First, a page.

For many, English grammar is very scary.Getty Images
Having a good laugh at a struggling foreigner who is trying to say something in your native language is always fun. That
According to a Levada
Ordinary phrases such as “is the,” and “is there” can be real headaches for Russians – due to a jumble of unpronounceable vowels, the tongue is just getting
Maria Stambler, a Russia-American bilingual speaker, who used to teach English, explained: “Words and phrases like `Tina Turner’ and `happy birthday’ are hard to pronounce because Russians put the ё [yo] and з [z] everywhere.”
Some people confuse “s” and “
The length of a sound is also a tricky thing, said teacher Tamara
“For example, there is a sound [ae] as in the word ‘cat’ that is wide when you ‘put’ your jaw on the chest,”
“Some kids, to avoid memorizing English names for things and places, just try to make Russian words sound more English, for example, ‘proods’ (ponds) and ‘greebs’ (mushrooms),” Stambler said.
“In school years, we studied all letters of the English alphabet and even learned to read, but then we found out that some letters in combination with others produce completely different sounds,” said journalist Igor Sirin.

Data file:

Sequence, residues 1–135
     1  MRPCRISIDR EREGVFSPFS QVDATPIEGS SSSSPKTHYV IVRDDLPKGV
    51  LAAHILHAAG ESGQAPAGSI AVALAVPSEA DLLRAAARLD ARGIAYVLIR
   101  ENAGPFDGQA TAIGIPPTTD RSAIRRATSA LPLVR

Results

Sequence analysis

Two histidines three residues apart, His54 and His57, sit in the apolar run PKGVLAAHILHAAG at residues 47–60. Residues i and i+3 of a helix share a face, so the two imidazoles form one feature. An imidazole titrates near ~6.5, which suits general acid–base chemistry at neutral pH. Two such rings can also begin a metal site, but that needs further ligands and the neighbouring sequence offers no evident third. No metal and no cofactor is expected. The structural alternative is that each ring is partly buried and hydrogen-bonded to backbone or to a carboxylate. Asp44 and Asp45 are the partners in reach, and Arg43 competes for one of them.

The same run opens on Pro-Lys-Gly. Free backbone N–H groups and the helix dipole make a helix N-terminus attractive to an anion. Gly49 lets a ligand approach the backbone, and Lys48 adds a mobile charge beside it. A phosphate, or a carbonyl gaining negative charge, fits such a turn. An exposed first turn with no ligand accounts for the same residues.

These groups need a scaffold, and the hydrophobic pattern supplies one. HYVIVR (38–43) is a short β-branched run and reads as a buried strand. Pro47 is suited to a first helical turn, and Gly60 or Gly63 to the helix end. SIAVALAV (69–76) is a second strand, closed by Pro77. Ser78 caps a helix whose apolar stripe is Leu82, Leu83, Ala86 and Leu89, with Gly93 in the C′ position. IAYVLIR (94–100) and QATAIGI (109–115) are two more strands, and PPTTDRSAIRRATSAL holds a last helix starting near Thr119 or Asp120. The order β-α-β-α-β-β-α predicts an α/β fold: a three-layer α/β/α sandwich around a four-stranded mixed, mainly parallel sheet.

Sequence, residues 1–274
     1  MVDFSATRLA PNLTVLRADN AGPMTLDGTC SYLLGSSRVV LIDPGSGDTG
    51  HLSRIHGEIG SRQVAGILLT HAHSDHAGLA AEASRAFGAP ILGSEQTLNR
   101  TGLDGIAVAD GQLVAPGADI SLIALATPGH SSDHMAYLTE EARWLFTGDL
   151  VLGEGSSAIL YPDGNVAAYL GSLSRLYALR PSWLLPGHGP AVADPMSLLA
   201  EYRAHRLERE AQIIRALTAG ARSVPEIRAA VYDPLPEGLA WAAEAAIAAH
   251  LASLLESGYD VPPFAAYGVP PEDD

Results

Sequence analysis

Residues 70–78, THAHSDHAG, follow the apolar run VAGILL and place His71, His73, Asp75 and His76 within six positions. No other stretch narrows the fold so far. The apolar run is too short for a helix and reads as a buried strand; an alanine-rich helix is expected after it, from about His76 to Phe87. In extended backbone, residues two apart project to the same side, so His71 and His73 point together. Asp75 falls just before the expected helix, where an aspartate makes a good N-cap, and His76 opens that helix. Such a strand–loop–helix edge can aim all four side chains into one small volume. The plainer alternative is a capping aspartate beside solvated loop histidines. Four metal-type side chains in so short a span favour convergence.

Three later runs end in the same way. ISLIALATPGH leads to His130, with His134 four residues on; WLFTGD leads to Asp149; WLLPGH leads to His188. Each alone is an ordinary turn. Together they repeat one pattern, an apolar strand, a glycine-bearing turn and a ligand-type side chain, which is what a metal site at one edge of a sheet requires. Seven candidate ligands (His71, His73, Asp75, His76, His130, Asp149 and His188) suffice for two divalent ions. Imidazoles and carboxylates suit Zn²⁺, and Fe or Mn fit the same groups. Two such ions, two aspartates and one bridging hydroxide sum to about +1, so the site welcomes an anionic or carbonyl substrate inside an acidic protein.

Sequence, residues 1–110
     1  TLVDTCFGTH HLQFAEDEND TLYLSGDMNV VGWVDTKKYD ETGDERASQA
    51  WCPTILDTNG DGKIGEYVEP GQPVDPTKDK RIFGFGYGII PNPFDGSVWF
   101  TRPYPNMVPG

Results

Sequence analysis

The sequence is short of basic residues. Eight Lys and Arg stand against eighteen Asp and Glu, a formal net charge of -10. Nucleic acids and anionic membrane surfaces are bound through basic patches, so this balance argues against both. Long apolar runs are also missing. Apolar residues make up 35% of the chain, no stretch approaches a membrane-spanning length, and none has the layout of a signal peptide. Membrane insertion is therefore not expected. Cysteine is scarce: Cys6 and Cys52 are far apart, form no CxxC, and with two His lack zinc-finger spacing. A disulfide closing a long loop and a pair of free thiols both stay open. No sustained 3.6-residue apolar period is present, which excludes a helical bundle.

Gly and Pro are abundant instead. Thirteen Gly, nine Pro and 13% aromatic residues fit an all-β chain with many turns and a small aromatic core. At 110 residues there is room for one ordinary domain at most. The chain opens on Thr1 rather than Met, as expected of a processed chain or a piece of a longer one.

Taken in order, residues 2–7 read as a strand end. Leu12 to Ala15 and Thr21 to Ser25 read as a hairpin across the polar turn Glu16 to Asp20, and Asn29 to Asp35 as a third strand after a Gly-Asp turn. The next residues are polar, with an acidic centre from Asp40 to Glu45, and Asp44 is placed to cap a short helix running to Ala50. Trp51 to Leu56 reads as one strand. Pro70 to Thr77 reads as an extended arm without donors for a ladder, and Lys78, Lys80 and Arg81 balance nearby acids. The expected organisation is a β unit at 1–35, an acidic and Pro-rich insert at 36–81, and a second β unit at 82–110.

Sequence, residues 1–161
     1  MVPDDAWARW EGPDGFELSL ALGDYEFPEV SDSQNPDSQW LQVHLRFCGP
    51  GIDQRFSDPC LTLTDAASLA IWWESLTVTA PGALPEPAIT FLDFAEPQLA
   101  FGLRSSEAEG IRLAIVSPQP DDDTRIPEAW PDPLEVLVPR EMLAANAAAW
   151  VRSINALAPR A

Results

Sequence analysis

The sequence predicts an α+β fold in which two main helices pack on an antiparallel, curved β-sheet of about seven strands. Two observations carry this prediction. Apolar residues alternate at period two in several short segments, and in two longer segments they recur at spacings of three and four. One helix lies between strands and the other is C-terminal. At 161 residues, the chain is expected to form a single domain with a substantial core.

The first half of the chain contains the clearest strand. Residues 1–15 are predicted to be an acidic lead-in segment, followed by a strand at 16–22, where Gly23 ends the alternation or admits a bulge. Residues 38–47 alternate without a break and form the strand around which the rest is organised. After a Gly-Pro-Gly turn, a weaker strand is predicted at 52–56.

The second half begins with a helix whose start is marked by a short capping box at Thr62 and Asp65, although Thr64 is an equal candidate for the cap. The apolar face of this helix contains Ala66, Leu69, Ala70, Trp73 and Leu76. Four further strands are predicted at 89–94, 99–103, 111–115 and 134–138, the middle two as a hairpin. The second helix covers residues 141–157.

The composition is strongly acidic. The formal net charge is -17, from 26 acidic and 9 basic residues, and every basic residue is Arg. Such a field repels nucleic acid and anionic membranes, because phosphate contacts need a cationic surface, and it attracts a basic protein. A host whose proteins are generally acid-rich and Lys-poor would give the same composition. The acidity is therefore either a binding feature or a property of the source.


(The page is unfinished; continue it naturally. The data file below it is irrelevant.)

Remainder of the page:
English intonation is also different from the Russian one. “Sometimes, when Russians try to speak English with their usual intonation, foreigners think they are angry and rude,”
Many Russians study English at school.Getty Images
Russians often forget and confuse English articles. They don’t understand that it’s necessary because there’s no such thing in Russian.
The most difficult
There are no really difficult words to pronounce in English for Russians, explained Tamara
“One more set-up is the invasion of phrasal verbs,” she said. “You might learn the basic meaning – only to discover that there are dozens of others.”
Another challenging phenomenon for Russian students is when English is a foreign language of their interlocutor. As a result, you get a Frankenstein language when a person speaks English with their German or French pronunciation, but maybe also with a Russian accent.
And yes, many Russians still follow the rule: if a foreigner doesn’t understand you, then just speak louder or yell. It always works.
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